Traveling with bitcoins
In the past 20 years, all industries have felt the impact of technological innovation. In some cases, this impact has been so great that disruption has occurred. A clear and often used example is the travel industry, where companies that did not exist 20 years ago, like AirBnB and Booking.com, are now major players.
So far, the impact on the financial industry has been relatively limited. Although innovation has brought about changes like mobile banking, the business model and key players have remained unchanged. In general, savers still take their money to the bank and not all of them will withdraw that money at the same time. Banks know this and use part of the savings to issue loans. For many banks, the debts (savings) are therefore short-term and liquid, while the assets (loans) are long-term and largely illiquid. This makes banks inherently unstable. For mitigation, a lender of last resort is needed, which is the government that helps and rescues the banks when things go wrong. Supervision takes place to counteract the moral risk that this entails. This model is still applied today. Most people still receive their salary through the bank and still pay their rent through the bank. Furthermore, banks still offer solutions for larger questions such as mortgages or student loans.
This may change since interesting developments are taking place that could also disrupt the financial industry. One such development is the rise of payment apps and neobanks, which I have previously written about. Another development is the rise of virtual currencies.
Virtual currencies serve as a means of making payments in a specific virtual community. The issuer of the virtual currency can be a non-financial party or a private party, and the issuance process is not supervised by the government. For each virtual currency there are rules for how and where it may be used, as well as through which infrastructure the payments are made. These rules are inherent to the virtual currency and not established by the government. Bitcoin is perhaps the most well-known example of a virtual currency.
Bitcoin functions independently of governments, banks or other institutions. Payments with bitcoins are not made via a bank, but through required software, the wallet. Each user has a public key and a private key. The public key can be seen as an account number while the private key represents a PIN code. To illustrate: If person A wants to send three bitcoins to person B, person A carries out the transaction via the wallet by filling in person B’s public key and signing it with their own private key. This transaction is then submitted to the bitcoin community for verification.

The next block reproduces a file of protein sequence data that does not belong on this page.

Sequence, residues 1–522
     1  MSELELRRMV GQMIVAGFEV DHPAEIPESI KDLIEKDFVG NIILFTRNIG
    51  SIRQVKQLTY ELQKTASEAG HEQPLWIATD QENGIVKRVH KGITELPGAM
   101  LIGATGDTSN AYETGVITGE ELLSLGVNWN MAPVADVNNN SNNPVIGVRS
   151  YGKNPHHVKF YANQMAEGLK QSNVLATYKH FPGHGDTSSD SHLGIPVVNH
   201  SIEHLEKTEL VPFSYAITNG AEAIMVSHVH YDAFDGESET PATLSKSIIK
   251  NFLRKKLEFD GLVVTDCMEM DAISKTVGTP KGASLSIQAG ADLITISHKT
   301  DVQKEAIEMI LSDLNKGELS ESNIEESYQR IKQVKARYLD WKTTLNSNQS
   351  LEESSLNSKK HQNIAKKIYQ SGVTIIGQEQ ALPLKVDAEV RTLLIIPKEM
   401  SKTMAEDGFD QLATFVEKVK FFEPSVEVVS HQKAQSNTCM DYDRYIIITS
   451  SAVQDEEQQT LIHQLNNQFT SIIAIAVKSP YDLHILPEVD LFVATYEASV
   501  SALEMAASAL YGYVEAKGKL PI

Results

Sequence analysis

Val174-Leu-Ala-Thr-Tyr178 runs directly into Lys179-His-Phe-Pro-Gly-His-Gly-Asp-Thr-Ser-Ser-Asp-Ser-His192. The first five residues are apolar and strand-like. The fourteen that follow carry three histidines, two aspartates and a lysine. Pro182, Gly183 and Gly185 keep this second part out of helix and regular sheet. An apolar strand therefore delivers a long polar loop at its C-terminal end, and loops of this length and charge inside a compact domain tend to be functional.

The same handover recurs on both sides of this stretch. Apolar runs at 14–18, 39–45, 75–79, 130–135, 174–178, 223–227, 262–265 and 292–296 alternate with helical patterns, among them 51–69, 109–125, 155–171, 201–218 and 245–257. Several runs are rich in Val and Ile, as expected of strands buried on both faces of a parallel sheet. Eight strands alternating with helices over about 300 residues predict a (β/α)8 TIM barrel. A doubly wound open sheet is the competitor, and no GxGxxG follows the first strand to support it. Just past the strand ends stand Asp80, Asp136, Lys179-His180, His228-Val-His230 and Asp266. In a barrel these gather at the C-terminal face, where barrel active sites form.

During the verification process, special bitcoin community members (called miners) retrieve all transactions that have taken place in the past 10 minutes, once every 10 minutes. The retrieved transactions are called “blocks”. These miners verify the transaction by adding the block to the ‘blockchain’, a list of all registered bitcoin transactions. Because the blockchain contains all historical transactions, it can be used to determine how many bitcoins each wallet should have. In practice, a lot of computing power is required to be able to perform this verification. The incentive for the miners to carry out the verification is that they can get bitcoins for it.
If the bitcoin community grows and the number of institutions that accept payments in bitcoins increases sharply, a lot of transactions will no longer be done via the bank, but in parallel via another infrastructure. In that case, the bank’s traditional business model faces a challenge, as consumers no longer need a bank account to receive and make payments. Governments are also losing influence, because monetary policy does not reach all consumers through the banks.
In the short term, bitcoin will not be used as a generally accepted medium of exchange. The main reasons for this are that the price is too volatile, there is little or no supervision, the verification process takes too long (it can take 30 minutes before a payment is successfully made), the verification process takes a lot of energy, and payments in bitcoins have not been accepted by governments or central banks yet. It is a good thing that bitcoin is not quickly accepted as a medium of exchange, because decisions about people’s savings should be accompanied by supervision and trust; the government guarantees.
This does not mean that the increase in popularity of bitcoin and other virtual currencies can be ignored. It is a signal that should encourage banks and governments to investigate what fuels people’s need to buy virtual currencies. By providing this, the system that has developed over the course of a few hundred years is not thrown overboard, but improved through technological innovation.